The School of Public Policy of CEU cordially invites you to talks on
The WageIndicator Story: Generating Data for a Happier Working Life
ABOUT WageIndicator: An easy-to-use salary indicator for workers looking for information about wages. Started in The Netherlands it became popular amongst workers, employers and job seekers. WageIndicator cooperates with international research consortia in projects to analyse work/life attitudes, to develop a global occupations Database, explore wages and working conditions in multinational enterprises, and improve the designs of experiments in combined online/offline surveys. WageIndicator conducts projects with a range of partners in developed and developing countries. These include web-based activities (such as media outreach in EU-countries regarding the gender pay gap), but also offline debates with social partners on collective bargaining (Latin America and Africa), and on labour rights for women, particularly in African and Asian countries. Recent projects on the ground (in Indonesia and Ethiopia) involve face-to-face interviews with garment workers using a tablet-based Decent Work survey. In 2004, similar websites were introduced in 8 more EU-countries. By 2008 more than 60 countries had a website, by 2017 this number was 92.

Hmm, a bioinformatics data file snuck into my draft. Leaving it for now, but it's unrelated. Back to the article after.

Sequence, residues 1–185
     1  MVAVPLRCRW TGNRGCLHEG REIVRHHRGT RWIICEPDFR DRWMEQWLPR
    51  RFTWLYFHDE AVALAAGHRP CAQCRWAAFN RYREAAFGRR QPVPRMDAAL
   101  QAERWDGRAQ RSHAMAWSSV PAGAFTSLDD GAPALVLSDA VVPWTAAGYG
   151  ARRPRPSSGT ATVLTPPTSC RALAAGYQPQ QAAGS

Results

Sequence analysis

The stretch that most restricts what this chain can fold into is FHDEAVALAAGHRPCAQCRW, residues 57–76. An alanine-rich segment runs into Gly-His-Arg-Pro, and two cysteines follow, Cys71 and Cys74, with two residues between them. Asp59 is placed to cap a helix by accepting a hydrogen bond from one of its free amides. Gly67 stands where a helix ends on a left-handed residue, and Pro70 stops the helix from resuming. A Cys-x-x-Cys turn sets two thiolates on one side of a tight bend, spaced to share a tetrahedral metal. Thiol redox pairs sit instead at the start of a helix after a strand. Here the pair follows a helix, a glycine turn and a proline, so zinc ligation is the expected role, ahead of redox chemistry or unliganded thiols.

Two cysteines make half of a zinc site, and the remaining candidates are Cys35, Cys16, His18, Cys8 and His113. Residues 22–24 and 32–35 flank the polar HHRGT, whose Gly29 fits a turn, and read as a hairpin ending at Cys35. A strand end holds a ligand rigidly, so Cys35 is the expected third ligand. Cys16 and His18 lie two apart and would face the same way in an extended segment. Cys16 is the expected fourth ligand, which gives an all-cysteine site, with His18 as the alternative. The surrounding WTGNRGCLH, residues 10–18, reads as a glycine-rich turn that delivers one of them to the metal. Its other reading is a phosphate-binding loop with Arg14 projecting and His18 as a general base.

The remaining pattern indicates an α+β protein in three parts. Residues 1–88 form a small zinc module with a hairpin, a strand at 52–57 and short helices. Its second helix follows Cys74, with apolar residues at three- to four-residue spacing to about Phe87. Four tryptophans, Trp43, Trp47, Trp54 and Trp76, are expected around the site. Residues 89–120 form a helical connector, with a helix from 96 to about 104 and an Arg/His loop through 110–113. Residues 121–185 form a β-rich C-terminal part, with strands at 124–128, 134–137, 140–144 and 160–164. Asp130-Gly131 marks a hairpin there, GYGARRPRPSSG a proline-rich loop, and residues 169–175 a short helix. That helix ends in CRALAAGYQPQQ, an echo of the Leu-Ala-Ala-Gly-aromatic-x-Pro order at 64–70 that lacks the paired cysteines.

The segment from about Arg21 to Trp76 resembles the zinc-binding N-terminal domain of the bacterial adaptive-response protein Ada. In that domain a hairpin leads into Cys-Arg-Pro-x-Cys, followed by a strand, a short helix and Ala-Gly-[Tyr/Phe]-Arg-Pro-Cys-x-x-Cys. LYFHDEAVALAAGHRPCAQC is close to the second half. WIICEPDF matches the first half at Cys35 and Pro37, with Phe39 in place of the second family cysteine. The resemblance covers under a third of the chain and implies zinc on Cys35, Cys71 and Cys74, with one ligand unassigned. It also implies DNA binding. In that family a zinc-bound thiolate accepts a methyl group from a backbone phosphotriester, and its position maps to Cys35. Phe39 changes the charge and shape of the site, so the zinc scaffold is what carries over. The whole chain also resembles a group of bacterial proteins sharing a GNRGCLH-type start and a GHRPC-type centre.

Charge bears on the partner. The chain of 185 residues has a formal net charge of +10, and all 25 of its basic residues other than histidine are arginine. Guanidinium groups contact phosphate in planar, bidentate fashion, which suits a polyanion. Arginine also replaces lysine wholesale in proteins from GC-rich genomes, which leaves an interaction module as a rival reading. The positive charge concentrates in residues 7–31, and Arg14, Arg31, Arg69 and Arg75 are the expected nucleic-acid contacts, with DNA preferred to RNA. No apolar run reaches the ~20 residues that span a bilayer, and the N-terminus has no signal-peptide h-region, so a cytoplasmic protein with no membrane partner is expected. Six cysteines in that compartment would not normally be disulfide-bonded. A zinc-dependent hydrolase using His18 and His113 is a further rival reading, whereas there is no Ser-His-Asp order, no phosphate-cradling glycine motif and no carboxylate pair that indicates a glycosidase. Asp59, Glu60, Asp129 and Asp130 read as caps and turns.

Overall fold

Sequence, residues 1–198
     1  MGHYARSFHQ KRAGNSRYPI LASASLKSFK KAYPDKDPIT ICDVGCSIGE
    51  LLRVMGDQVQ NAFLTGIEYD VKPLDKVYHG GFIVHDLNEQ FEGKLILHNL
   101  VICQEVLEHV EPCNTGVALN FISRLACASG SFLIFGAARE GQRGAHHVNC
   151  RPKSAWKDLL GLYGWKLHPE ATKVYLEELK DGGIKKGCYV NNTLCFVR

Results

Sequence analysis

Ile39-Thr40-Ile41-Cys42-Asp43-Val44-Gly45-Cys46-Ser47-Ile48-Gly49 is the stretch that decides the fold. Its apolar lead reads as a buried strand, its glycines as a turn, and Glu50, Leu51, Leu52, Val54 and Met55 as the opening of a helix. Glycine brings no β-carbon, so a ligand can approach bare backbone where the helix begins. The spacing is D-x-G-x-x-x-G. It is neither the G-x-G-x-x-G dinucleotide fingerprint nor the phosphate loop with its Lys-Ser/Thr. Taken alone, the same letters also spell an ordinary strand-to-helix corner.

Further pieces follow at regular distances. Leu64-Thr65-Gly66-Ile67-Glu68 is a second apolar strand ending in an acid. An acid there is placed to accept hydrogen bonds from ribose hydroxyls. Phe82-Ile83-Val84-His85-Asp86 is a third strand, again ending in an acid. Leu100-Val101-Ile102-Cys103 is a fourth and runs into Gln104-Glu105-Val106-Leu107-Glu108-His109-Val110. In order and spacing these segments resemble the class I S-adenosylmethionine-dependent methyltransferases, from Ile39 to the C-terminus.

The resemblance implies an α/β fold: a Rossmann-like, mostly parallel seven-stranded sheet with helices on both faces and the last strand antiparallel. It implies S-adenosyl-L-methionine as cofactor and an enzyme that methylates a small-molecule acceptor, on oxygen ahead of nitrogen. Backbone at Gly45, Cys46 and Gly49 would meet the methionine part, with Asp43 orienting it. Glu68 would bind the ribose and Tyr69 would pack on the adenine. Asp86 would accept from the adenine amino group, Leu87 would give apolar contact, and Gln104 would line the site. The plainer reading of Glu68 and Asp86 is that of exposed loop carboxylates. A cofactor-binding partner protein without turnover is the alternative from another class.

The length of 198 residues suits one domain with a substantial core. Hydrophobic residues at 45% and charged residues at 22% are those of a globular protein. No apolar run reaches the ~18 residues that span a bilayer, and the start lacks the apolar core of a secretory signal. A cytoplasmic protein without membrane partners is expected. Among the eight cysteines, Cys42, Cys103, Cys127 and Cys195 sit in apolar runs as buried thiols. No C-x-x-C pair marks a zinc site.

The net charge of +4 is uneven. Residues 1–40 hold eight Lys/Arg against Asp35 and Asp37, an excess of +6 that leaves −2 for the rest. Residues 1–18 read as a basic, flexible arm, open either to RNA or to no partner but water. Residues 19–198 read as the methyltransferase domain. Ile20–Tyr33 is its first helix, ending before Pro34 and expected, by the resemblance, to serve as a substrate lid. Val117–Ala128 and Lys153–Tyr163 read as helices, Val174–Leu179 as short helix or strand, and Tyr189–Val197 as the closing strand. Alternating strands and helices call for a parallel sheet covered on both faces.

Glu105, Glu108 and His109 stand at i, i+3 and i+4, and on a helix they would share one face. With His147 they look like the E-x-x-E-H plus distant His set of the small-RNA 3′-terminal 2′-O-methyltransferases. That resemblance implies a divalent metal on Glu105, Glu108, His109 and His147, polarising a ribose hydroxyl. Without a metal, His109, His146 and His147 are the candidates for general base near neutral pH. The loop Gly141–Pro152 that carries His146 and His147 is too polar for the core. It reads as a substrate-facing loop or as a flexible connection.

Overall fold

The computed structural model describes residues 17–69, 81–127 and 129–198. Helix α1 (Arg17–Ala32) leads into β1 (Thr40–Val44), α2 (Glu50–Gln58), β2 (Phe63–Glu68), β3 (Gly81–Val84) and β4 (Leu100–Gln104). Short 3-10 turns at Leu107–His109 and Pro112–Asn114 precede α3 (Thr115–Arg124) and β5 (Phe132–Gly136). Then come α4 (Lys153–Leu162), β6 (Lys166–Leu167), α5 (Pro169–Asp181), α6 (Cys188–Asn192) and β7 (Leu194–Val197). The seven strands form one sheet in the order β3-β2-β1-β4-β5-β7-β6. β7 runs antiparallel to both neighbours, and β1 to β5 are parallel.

with KEA TIJDENS
Research Coordinator at the University of Amsterdam, at the Amsterdam Institute for Labour Studies, and the scientific coordinator of WageIndicator
Research findings from WageIndicator surveys
On its websites WageIndicator invites web visitors to complete a survey on work and wages. This multilingual survey is posted continuously in all countries. The global survey data has been used to analyse a range of topics. A study of health workers showed that the main migration pattern is to countries where the same language is spoken, followed by migration to neighbouring and former colonizing countries. Out-migrated health workers earn more and work fewer hours than comparable workers in source countries. Another study showed that wage dispersion among observationally similar workers is due to the intensity of tasks within occupations, though workers in high-wage occupations are less defined around a typical worker than those in other occupations. Other findings relate to variation in collective bargaining coverage, the gender pay gap, the structure of minimum wages around the world, self-identification of occupation in web surveys, and an informality-index for Sub-Saharan countries.
and with PAULIEN OSSE
Director of the WageIndicator foundation
The WageIndicator principles
Reliable information on (living) wages and labour law is vital for important decisions. Large companies, governments need it, just as much as individuals, families, colleagues and neighbours. For WageIndIcator the common web user is as important as a president - even more so.